Do the right thing! The Sunday, February 26, episode of HBO’s Girls saw Hannah Horvath (Lena Dunham) standing up for her beliefs and “[using her] voice to talk about things that are meaningful” to her. In this case, that meant standing up for women who may have been sexually taken advantage of, so get ready, because this episode — written by Dunham — was uncomfortable and meaningful.
Hannah started the episode by walking into a very fancy-looking apartment building and asking the doorman to tell Chuck Palmer (Matthew Rhys) she was there. See, Chuck is an author she likes … or used to like. When she found out he slept with a bunch of college-age women while on his book tour, she wrote a takedown of his predatory behavior for a feminist website. He invited her over to talk about it, so she went.
Everything about the episode was designed to show Us how powerful and privileged Chuck was. His doorman, his building’s mirrored elevator, his apartment’s array of plaques and awards bearing his name and his “I ❤️ Chuck” mug proved that he was rich, egotistical and, above all, successful. In contrast, Hannah’s nervousness, canvas tote and lime-green hair tie showed her relative immaturity and inexperience. In this situation, he clearly had more power, which was the problem Hannah identified in his sexual encounters with other women and aspiring writers who weren’t that much younger than she was.
Still, Hannah did her best to cut him down to size. She half-jokingly criticized him for seemingly having an “ass-deep” Google alert on his name if he’d found her article on a niche feminist blog, and made a biting comment about how they did the same thing for a living, though she didn’t have a picture of herself hanging out with Toni Morrison on her own wall.
Let’s Talk About (Consensual) Sex, Baby
Through the interaction, Hannah held her own. When Chuck said he hadn’t invited her over to ask for an apology, she responded, “Good,” then spent the rest of the time rolling her eyes while he complained about people being mean to him online.
He repeatedly tried to downplay the seriousness of Hannah’s concerns about him by complimenting her — “You’re funny” — and telling her to focus on other topics — “You should be using your funny to tackle subjects that matter” — but it was his insistence that words like consensual make his life “messy” that proved her concerns were warranted. That, plus the ostensibly misogynistic worldview that crept out when he talked about his “tortured woman” of an ex and “good girl” of a daughter seemed to solidify in Hannah that she made the right initial character assessment.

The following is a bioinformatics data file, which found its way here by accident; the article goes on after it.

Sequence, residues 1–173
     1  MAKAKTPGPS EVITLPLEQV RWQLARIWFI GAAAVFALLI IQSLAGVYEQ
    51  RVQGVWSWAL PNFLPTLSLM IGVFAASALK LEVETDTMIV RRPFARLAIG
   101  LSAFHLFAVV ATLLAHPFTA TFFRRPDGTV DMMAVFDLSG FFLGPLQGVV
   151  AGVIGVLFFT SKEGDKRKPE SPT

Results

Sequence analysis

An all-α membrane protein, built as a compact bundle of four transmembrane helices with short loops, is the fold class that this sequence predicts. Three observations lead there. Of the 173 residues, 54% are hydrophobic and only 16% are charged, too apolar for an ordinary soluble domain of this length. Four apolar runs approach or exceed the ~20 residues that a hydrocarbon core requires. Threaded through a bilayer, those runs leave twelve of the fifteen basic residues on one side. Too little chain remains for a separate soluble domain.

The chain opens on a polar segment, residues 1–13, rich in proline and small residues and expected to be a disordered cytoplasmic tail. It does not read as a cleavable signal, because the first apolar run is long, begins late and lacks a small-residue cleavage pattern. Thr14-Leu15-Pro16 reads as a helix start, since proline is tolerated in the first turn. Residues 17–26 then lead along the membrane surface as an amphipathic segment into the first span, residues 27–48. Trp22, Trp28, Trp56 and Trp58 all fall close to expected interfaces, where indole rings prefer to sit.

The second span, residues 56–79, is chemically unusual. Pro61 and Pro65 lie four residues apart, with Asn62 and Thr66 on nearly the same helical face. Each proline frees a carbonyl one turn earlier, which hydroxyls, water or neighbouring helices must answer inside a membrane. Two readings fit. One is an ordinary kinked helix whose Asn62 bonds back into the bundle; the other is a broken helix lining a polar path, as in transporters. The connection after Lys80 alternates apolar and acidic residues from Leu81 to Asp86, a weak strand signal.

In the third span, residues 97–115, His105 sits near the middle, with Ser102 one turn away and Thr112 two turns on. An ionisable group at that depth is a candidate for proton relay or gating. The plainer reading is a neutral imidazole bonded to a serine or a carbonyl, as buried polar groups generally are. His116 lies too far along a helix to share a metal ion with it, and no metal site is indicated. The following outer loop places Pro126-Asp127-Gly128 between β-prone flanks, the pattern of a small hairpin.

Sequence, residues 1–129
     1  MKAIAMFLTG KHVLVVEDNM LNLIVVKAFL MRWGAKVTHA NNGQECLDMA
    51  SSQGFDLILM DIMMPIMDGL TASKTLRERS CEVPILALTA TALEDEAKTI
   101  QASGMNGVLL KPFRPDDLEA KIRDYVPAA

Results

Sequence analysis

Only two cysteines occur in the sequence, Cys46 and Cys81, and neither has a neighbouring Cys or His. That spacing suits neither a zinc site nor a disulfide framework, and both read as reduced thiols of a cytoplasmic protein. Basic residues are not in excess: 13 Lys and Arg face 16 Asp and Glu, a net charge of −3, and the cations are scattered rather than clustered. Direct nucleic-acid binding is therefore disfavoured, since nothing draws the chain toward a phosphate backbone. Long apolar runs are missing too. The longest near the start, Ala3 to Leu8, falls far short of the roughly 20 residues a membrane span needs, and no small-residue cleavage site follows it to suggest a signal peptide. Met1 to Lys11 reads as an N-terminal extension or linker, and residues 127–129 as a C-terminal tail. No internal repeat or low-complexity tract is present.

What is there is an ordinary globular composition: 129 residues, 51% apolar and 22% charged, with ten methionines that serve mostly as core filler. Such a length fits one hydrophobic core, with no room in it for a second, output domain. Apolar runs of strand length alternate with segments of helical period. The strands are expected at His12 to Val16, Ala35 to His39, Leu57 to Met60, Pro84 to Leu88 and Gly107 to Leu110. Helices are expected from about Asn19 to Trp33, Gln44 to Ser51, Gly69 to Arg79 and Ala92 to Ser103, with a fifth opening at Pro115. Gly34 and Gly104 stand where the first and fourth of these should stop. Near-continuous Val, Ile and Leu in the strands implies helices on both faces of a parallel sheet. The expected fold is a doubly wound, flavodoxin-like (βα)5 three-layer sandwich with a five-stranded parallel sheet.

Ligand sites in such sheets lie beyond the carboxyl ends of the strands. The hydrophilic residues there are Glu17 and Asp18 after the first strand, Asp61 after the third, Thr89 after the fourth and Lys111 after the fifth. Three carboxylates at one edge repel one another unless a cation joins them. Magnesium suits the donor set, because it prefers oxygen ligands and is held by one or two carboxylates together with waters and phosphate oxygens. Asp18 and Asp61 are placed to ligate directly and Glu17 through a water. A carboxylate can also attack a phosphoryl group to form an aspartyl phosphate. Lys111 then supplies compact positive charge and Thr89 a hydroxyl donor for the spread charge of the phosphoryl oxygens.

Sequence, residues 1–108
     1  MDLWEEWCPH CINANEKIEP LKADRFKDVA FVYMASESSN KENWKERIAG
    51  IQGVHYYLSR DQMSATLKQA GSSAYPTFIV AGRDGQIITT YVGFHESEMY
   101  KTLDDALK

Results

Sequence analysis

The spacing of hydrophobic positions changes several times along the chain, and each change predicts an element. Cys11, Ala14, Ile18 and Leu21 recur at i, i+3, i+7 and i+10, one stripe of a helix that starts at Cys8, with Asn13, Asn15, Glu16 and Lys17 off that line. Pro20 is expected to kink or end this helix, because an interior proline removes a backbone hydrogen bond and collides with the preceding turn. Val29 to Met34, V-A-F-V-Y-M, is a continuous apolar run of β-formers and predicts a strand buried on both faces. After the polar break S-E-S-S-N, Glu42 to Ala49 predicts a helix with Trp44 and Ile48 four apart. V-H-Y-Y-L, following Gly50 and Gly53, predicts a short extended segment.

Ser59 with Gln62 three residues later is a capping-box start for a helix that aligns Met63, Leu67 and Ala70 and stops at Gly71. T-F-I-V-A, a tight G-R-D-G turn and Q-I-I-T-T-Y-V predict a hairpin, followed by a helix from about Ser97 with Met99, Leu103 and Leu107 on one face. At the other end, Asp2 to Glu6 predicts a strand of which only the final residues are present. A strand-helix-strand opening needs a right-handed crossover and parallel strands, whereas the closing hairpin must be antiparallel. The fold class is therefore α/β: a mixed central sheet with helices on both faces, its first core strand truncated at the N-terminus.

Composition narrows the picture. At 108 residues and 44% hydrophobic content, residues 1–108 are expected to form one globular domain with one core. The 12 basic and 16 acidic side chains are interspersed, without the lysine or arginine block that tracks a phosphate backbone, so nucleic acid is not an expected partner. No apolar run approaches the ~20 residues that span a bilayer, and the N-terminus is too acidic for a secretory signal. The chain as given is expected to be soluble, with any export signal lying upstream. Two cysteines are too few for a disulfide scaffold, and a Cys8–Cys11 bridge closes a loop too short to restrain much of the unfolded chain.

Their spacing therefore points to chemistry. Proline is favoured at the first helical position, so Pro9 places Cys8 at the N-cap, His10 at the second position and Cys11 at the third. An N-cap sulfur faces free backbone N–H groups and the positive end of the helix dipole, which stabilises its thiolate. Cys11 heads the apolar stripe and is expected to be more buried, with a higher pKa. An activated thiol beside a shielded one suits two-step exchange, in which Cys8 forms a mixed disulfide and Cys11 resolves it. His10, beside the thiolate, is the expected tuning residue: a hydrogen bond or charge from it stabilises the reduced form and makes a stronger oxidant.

She told him as much, saying that consent is a pretty big deal, especially when women online were alleging that they hadn’t wanted to participate in sexual encounters with him in the first place. She explained to him that a person can leverage influence and power to get someone else to engage in an act they don’t want to be part of. It might not be a violent physical act, but coercion can constitute assault.
When he complained about so-called “gray areas,” she exclaimed that she’s so tired of gray areas, then shared a personal story about an elementary school teacher who got too close to her but whose conduct remained in a “gray area” in spite of its lasting effect on her.
Chuck — and Dunham, as the writer — did a good job of showcasing the effects of “call-out culture” when he expressed concerns that his daughter would grow up and read the blog posts about him, from the women claiming they hadn’t wanted to get sexually involved with him but had been pressured to do it, to Hannah’s article.
“I may be stupid, but I’m not evil, sister,” Chuck said, summing up the human element that makes scandal and impropriety so complex. He went on to read her something he’d written about the woman who initially accused him of taking advantage of her. It was touching and caused Hannah to reconsider her wholesale evaluation of his character …
… until he pulled his penis out after giving her a signed copy of one of her favorite books. For one second, she actually touched it, demonstrating how easily even she was swept up in the moment. But then, she stood up and walked out because she didn’t want to do it.
The episode ended symbolically, with Hannah marching out of the building as a parade of beautiful young women in businesswear streamed in.
Tell Us: Does Chuck deserve all the bad press?
Girls airs on HBO at 10:00 p.m. EST.
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